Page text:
Message from Tami Miketa, Manager of the Small Forest Landowner Office

tami picture update 062012Recent Survey Reveals Interesting Information about Private Landowners

A recent survey shows some interesting information about small forest landowners. The National Woodland Owners Survey (NWOS), conducted by the U.S. Forest Service Forest Inventory & Analysis program, provided insight into the nation’s family forest ownerships. The data indicated that there are nearly 23 million woodland owners in the United States, responsible for 283 million acres of forestland — that’s more forestland than is owned by the federal government or the forest products industry.
The NWOS collected data from more than 10,000 landowners over the past three years. Landowners answered questions to determine the characteristics of their land, why they own it, how they’ve managed it, and what their future plans are.
What’s most interesting is that only seven percent of family forest owners throughout the United States are implementing a management plan to keep their woodlands healthy and productive. A forest management plan is an important tool to combat the increasing risk of damage done to forests by bugs, disease, catastrophic fire, flooding, drought and storms. Thoughtful, active stewardship is essential to the health of the forests.
Forest management plans provide landowners with the information they need to manage their forests for a variety of products and services, not just timber production. Forest management plans are intended to:
  • Provide a “road map” to help forest landowners meet their objectives and manage their land sustainably for the future.
  • Convey information and guidance to others, including heirs or subsequent owners.
  • Help forest landowners meet the “written management plan” eligibility requirements for: cost share and financial incentive programs, “Stewardship Forest” recognition, Certification by the American Tree Farm System, Forest Certification, tax reduction to “current use” or “forestland” forestry property tax classification.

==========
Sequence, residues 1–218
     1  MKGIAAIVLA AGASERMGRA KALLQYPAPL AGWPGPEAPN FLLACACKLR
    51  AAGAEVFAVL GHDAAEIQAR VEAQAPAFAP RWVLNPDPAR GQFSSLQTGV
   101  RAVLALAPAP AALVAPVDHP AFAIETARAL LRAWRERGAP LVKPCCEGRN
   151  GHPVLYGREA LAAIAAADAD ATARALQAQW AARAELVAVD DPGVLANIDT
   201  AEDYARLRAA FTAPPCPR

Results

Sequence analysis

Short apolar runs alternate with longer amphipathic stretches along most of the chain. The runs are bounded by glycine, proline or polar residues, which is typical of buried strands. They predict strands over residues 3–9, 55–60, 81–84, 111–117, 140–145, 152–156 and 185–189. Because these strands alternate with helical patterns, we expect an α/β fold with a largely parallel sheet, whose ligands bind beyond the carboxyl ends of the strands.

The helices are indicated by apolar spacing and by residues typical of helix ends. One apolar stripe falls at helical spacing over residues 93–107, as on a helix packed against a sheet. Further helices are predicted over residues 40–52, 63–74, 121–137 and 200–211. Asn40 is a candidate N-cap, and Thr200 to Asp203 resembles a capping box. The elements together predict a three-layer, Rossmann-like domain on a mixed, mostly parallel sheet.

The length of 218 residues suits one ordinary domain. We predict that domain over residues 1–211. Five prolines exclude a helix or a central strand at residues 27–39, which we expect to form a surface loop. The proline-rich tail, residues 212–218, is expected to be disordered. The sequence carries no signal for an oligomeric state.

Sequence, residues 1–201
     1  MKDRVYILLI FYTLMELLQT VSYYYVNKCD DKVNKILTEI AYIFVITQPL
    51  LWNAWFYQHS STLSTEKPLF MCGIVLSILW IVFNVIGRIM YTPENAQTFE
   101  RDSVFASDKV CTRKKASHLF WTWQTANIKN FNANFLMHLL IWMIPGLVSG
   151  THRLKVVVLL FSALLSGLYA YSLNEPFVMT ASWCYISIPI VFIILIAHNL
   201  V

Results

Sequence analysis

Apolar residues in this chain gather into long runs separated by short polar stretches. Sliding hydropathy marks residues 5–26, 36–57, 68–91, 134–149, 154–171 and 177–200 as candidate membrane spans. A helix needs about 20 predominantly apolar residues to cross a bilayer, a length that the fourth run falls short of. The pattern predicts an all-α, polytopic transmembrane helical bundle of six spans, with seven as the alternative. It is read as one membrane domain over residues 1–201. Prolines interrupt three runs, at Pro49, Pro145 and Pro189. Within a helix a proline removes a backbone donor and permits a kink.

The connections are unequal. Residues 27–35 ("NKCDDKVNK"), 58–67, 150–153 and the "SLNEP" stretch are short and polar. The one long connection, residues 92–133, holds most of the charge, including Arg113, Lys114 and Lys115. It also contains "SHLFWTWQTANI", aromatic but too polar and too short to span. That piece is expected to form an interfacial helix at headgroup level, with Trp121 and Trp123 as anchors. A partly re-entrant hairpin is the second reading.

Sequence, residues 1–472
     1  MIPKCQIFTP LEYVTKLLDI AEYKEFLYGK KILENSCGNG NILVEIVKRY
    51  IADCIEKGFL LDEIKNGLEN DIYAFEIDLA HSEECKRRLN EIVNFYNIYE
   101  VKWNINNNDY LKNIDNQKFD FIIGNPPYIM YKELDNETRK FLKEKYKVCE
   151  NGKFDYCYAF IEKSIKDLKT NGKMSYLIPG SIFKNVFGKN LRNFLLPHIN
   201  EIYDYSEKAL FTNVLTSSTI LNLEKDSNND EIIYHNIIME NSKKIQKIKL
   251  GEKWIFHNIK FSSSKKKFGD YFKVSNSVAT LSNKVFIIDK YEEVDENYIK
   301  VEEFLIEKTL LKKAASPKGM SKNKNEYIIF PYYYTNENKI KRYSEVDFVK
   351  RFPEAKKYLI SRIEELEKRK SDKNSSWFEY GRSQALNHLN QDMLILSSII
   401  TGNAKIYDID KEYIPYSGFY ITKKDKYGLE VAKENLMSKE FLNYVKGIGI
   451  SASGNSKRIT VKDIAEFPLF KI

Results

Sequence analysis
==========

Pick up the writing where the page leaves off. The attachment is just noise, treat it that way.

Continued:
With good stewardship through the implementation of a forest management plan, private forest lands could better provide the need for clean water and air, healthy thriving populations of fish and wildlife, the maintenance of rare plants and animals, quality outdoor recreational experiences, and forest products. Good stewardship contributes to the natural beauty, guards against soil erosion and depletion of soil productivity, and protects wetlands. Good stewardship also helps to protect forests from insects, diseases, wildfire, overgrazing, and poor resource management. By adding to the health of private forest land and all the plants, animals and other organisms which live there, private landowners add to the well-being of their neighbors, their local community, the country, and the earth as a whole.

Every part of a forest management plan relates to your landowner objectives, which is why these are the most critical part of any stewardship plan. So start today: think about your reasons for owning land. What do you want to get from your land — firewood, hunting opportunities, a place to recreate or just the satisfaction that you are contributing to open-land conservation? Whatever your reasons are, make them count!

To learn more about the National Woodland Owner Survey, visit

To learn more about creating a forest management plan for your forest visit the Forest Stewardship Program website in the Small Forest Landowner Office, or click here.